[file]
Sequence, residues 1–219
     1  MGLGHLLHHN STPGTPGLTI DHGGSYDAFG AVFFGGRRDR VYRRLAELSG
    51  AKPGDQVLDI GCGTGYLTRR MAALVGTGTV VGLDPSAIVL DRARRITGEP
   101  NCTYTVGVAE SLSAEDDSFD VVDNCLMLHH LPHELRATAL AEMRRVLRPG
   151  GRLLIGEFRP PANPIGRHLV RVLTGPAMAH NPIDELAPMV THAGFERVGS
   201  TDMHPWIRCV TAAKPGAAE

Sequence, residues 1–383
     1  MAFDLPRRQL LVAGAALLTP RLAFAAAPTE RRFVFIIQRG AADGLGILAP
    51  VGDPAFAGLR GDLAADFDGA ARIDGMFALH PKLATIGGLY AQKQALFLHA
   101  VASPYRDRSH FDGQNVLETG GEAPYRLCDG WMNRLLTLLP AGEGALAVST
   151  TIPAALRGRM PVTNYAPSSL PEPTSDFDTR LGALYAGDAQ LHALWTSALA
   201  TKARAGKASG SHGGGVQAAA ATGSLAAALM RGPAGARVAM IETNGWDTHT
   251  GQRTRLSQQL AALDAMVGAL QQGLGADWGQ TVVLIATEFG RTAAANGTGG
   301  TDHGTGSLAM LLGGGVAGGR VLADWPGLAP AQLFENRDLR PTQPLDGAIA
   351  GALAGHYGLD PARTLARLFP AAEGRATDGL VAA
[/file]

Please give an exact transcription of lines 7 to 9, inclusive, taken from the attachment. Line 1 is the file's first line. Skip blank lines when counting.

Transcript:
Sequence, residues 1–383
     1  MAFDLPRRQL LVAGAALLTP RLAFAAAPTE RRFVFIIQRG AADGLGILAP
    51  VGDPAFAGLR GDLAADFDGA ARIDGMFALH PKLATIGGLY AQKQALFLHA